A fairy godmother magically turns Cinderella's rags to a beautiful dress, and a pumpkin into a coach. Cinderella goes to the ball, where she meets the Prince - but will she remember to leave before the magic runs out?
The sound has been found in the form of an old Edisonian recording cylinder. The cylinder was repaired, then Walter Murch ACE MPSE synced the film to the correct music in (I believe) 2002. Total running time is approximately 17 seconds.
Based on Shakespeare's play, Act V, Scene vii: King John is in torment, and his supporters fear that his end is near. As he writhes in agony, he is attended by Prince Henry, the Earl of Pembroke, and Robert Bigot. Prince Henry tries repeatedly to comfort his delirious father, but to no avail - John's pain is too great.Written by
The first known film of a William Shakespeare work. Only one of the four scenes is extant, Scene Three, showing King John dying from poisoning. Scene One depicted John inducing Hubert to kill Arthur, Scene Two, Constance's grief at the loss of Arthur and the last Scene, Four, portrayed John's death. See more »
Ay marry, now my soul hath elbow room,/ It would not out at windows, nor at doors,/ There is so hot a summer in my bosom,/ That all my bowels crumble up to dust:/ I am a scribbled form drawn with a pen/ Upon a parchment, and against this fire/ Do I shrink up.
How fares your Majesty?
Poison'd, ill fare: dead, forsook, cast off,/ And none of you will bid the winter come/ To thrust his icy fingers in my maw;/ Nor let my kingdom's rivers take their course/ Through my burn'd bosom: nor entreat the ...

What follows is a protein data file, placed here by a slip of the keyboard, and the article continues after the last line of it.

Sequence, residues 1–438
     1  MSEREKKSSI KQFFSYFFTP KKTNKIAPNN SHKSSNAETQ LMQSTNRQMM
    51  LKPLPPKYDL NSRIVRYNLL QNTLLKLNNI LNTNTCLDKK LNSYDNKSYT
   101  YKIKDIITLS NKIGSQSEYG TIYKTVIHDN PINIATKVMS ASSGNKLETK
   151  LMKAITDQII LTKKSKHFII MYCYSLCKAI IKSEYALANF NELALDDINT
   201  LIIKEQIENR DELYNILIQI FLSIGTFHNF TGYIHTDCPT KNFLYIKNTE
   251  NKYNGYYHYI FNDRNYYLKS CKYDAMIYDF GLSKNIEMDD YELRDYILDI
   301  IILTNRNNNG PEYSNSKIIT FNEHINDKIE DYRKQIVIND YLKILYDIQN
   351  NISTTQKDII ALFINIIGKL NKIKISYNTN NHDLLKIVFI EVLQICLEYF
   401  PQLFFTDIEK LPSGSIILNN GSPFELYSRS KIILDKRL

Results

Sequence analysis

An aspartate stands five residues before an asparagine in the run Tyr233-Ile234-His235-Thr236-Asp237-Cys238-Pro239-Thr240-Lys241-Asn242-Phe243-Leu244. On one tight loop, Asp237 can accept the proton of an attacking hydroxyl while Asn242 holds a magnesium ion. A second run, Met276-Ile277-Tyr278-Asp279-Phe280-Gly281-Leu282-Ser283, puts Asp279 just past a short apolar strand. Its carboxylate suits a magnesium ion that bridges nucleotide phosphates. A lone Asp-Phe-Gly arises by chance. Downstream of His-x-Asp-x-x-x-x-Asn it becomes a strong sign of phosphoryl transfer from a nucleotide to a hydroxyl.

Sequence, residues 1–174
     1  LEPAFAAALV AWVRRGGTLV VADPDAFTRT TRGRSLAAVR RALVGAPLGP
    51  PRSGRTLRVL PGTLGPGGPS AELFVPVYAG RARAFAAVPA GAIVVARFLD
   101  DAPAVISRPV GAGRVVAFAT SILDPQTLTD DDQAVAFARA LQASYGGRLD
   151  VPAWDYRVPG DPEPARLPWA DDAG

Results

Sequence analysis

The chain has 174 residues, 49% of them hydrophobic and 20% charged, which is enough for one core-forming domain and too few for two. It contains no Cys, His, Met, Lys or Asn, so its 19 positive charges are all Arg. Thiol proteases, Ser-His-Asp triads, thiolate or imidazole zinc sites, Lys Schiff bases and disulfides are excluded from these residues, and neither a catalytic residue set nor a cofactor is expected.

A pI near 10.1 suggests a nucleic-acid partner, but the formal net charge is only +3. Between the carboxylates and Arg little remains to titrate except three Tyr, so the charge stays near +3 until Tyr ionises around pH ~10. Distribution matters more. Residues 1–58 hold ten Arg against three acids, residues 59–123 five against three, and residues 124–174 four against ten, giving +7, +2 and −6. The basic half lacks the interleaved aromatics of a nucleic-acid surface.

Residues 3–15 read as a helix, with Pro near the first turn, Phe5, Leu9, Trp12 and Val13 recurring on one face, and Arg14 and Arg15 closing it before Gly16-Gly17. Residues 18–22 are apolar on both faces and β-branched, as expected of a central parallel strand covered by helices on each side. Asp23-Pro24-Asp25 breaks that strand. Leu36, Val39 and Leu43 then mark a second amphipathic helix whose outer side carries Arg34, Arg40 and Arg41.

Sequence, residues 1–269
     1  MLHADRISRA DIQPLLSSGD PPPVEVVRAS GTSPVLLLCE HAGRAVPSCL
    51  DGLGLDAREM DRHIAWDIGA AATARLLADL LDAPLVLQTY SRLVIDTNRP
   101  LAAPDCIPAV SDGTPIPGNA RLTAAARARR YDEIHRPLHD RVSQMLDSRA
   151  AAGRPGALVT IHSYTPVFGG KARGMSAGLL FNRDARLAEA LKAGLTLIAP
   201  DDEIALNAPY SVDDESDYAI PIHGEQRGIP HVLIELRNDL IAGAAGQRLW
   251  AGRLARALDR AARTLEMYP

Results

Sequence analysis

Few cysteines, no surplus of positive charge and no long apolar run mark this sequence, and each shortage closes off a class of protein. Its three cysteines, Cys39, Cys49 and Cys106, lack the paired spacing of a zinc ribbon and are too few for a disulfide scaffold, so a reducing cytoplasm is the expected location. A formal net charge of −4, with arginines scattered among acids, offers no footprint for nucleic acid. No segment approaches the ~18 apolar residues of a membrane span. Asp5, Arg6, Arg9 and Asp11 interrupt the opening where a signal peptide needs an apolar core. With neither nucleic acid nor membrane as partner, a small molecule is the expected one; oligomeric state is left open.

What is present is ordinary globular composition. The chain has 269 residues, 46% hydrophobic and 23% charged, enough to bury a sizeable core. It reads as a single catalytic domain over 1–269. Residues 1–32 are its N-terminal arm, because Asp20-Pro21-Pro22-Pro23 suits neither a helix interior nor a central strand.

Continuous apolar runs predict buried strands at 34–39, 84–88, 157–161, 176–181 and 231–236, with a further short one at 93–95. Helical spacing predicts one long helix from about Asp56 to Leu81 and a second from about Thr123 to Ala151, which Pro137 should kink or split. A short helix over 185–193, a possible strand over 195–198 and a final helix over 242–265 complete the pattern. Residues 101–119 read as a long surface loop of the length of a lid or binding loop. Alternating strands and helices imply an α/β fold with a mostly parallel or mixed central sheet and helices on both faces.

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While not especially detailed or action-packed, this short movie is quite an interesting piece of cinema history. It affords a look at the renowned stage actor Sir Herbert Beerbohm Tree, in what must have been his first screen role, and it is also one of the very earliest screen adaptations of classic literature. In itself, it is not bad at all for material that is not particularly well-suited for a silent movie.
The footage comes from the last scene of Shakespeare's "King John", and depicts the king (Sir Herbert) in agony, both mental and physical. It's the kind of scene that offers a stage actor some fine opportunities for dramatics and the like, but it's something of a curious choice for early movie footage, compared with some of Shakespeare's other, more action packed works. Yet at that, it does not work badly.
While Sir Herbert's style is clearly based on the stage, he nevertheless convincingly portrays King John's torment, and if you read some of John's lines while watching the footage, it fits together. Prince Henry's vain efforts to comfort his father also come across believably. The setting and background likewise are stage-like, and yet they work in adding a little detail and atmosphere.
All in all, this is worth seeing for a number of reasons.
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